Much of the headwater portion of the Brown’s Creek Watershed contains land-locked lakes and wetlands. Many of these basins have no direct connection to Brown’s Creek. Since the late 1980’s the Goggins Lake-School Section Lake basin and several associated wetland basins have experienced high water conditions and had effectively merged to become a single basin. Since 1995, high water conditions have prevailed and flooded several homes, inundated roadways, flooded septic systems and wells in the City of Hugo. Because Goggins Lake had no outlet, lake elevations continued to rise and damage additional property. Providing an outlet to the system had the potential to adversely affect Brown’s Creek, a designated trout stream, and its associated headwaters wetlands through thermal impacts, increased erosion and sedimentation.
Standard engineering approaches (e.g., placement of an outlet pipe) did not prove to be suitable as a stand-alone solution to provide outlet control because of potential thermal and water quality/quantity impacts to the Brown’s Creek trout fishery. An alternative design approach was necessary to address the trout stream impacts. Since thermal impacts to the trout fisheries of Brown’s Creek was one of the primary concerns, the solution emphasized infiltration management to recharge ground water and reduce surface water runoff, while reducing the flooding problems on Goggins Lake.
The Trout Habitat Preservation Project included an analysis of historic natural overland drainage routes and the design/implementation of a combined wetland creation-infiltration ground water recharge system. Normal overflow for the lake was determined to be approximately 970.5 feet. Modeling indicated that the 100-year event could bring lake levels up to 971.65 feet and lake levels could rise to 974 feet under extreme high water conditions. An infiltration analysis was completed based on considerable testing of surficial features and included the installation of monitoring wells and soil borings.
To provide an outlet to Goggins Lake, an existing manhole structure was modified at County Road 7. A time and temperature-dependent valve was installed allowing the District an extra level of control when fluctuations in water temperature and rainfall amount could lead to negative impacts to either upstream residents or downstream Brown’s Creek. This allows the lake to drain to an elevation of 970.5 feet with a potential low flow discharge to an elevation of 968.7 feet.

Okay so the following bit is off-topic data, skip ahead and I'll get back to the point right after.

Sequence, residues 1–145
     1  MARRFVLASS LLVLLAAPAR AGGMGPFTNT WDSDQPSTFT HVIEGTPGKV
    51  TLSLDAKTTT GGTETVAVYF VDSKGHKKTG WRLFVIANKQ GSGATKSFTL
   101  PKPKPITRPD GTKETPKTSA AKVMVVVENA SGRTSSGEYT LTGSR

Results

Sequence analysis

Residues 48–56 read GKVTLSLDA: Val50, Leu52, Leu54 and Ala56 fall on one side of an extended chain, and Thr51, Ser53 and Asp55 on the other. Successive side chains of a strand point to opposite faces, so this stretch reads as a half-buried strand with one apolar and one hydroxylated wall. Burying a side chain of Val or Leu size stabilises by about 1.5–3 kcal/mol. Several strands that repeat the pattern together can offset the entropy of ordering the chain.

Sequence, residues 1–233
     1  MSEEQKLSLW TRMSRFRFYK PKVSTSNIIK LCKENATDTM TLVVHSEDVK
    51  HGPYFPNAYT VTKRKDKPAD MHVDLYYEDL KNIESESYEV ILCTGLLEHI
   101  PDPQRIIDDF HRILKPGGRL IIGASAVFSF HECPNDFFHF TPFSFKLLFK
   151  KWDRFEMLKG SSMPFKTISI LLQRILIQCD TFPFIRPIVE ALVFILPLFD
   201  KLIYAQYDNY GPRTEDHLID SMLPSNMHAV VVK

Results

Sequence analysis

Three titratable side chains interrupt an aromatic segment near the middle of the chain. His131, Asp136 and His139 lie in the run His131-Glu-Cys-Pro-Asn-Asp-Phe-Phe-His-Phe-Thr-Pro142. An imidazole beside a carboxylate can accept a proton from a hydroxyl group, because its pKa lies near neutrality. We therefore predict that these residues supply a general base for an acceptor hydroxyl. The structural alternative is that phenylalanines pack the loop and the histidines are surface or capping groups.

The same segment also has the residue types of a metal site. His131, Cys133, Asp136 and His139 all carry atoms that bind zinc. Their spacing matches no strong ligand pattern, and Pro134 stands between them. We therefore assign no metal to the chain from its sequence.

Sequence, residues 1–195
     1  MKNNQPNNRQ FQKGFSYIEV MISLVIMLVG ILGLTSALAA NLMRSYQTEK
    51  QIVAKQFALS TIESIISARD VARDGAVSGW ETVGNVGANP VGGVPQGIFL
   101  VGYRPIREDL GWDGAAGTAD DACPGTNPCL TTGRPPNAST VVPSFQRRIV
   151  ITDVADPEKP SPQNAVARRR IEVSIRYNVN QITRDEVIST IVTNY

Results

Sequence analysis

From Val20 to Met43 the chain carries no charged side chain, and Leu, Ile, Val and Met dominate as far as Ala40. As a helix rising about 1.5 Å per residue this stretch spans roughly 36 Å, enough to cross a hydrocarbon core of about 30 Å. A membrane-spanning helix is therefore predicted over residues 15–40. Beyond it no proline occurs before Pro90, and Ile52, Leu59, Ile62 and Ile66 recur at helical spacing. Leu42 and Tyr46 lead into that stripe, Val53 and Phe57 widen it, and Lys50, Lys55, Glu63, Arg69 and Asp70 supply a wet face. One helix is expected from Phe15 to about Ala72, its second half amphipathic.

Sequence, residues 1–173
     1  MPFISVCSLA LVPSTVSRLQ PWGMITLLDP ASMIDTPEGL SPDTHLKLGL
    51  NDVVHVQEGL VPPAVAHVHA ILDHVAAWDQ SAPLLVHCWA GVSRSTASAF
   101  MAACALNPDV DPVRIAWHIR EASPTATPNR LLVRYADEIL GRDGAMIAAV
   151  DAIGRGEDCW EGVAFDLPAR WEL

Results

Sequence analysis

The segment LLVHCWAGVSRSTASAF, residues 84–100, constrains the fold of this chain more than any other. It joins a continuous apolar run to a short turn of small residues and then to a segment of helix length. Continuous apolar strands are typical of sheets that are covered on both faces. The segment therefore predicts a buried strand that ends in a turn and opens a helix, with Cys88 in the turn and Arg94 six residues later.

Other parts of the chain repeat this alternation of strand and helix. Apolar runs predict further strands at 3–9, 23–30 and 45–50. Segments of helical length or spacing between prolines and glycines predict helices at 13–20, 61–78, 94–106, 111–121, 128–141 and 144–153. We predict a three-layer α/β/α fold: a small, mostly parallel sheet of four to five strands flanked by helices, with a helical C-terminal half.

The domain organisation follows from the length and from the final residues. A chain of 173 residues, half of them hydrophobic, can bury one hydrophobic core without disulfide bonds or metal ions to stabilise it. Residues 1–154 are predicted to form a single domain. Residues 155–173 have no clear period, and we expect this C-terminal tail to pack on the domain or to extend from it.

The trout fisheries of Brown’s Creek were protected and enhanced by minimizing thermal impacts and promoting ground water recharge. This was accomplished through infiltrating and storing stormwater in a series of 3 created wetlands and 3 infiltration basins rather than discharging directly to Brown’s Creek. Water from the lake discharges to a constructed wetland south of the lake, which is controlled by an overflow weir at an elevation of 970.5 feet. The wetland encompasses 2 acres and is surrounded by a 25-foot buffer. Outflow from the wetland flows through a second 2-acre constructed wetland drainageway and into a third constructed wetland that will be excavated to an elevation of 968.0 feet. When the water surface elevation is less than 970 feet within the third wetland, lake discharge will flow to a small infiltration basin with highly permeable soils (infiltration rate of 1 to 3 cubic feet per second) located on private property to the south that used to function as a tree burning and disposal area. When the elevation is higher, water will overflow via the weir into a reach of meandering channel, proceed downstream in existing drainageways through a residential development, and outlet into a headwaters wetland of Brown’s Creek.
Soft engineering that mimics the natural hydrology of the area was incorporated into the design. Placement of features was done to protect other natural resources of the Brown’s Creek Watershed that could be negatively impacted by standard stormwater management practices. Taken as a whole, this provided for an efficient, non-intrusive system that can perform with very little maintenance needed.
Goggins Lake now provides the outlet for the entire Plaisted/Goggins/School Section Lake hydraulic system, a drainage area of about 2,400 acres. Nine acres of wetland were created. The project (and follow up buy-out of one residence) achieved 100 percent of the goal to eliminate flooding of homes and properties and has addressed 100 percent of the goal to protect Brown’s Creek from fluctuations in the inflow hydrograph and poor water quality (both pollutant concentration and thermal) coming off of the watershed to this lake system.
Project: $613,230; ongoing monitoring: $38,775
The Brown’s Creek Watershed District has an ongoing monitoring program to ensure that the installed system continues to fulfill the objective of flood relief and natural resource protection. The annual District budget includes moneys for the continuous monitoring of water temperature and elevation at the outlet of Goggins Lake and throughout the system.
Maintaining a healthy stream currently provides an educational tool for the local high school as well. Stillwater High School has partnered with the Washington Conservation District to monitor and study macro-invertebrate populations within Brown’s Creek.
The results of this project provide design standards and protocols to outlet stormwater from other land-locked basins in the Brown’s Creek Watershed. The results may also be transferable to other similar (same geologic landform) land-locked basins within Washington County and sets the stage for environmentally sound stormwater management in other trout stream watersheds in Minnesota.